The International Association of Chiefs of Police performs reviews of and provides guidance to police departments. Having been invited to review the Glynn County Police Department, the IACP team issued a 154 page report, which hardly anyone is likely to read in its entirety. So, I will provide excerpts on topics of community interest.
Let us start with traffic enforcement, since traffic is a constant irritant. On page 17 we are told:
“An activity, and the one that consumes the most time, is reported to be crash investigations. Traffic Unit officers are the primary responders and investigators for crashes, and they work seventeen to eighteen crashes per week, per officer. Patrol officers report that as many as half of all crashes may involve some type of impairment, but data have not been provided to support this anecdotal observation. GCPD patrol officers are not certified to perform Standardized Field Sobriety Tests (SFST) and must request traffic DUI officers (or state patrol) to respond to cases of suspected impairment to perform SFSTs. This is inefficient as it lengthens the call of the field investigation, both officers will have to write supplements, both officers will have to appear and testify in court on a single case, and it takes traffic DUI officers away from proactively seeking DUI offenses and responding to complaint driven and data driven needs for traffic enforcement.”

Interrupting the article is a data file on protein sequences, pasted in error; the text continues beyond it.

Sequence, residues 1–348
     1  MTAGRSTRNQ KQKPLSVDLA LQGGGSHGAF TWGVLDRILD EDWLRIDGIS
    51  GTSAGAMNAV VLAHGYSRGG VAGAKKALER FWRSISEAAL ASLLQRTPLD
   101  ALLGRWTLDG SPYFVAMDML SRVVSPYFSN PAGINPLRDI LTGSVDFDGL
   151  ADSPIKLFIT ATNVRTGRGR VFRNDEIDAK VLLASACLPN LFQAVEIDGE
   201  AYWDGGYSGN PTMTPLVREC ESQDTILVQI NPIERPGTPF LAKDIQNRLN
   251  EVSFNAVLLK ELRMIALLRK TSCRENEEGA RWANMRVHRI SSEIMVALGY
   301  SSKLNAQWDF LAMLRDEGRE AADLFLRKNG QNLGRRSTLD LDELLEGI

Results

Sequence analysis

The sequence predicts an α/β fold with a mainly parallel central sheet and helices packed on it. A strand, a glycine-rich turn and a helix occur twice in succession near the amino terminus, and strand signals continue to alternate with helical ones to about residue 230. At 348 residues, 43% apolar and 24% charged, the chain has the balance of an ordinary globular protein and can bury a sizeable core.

However, on page 115 we are informed that in one year there were 159 officer involved crashes. Since there are only 122 personnel in the GCPD, that means more than one crash per employee in a single year. Apparently, there is no requirement that police personnel actually know how to drive.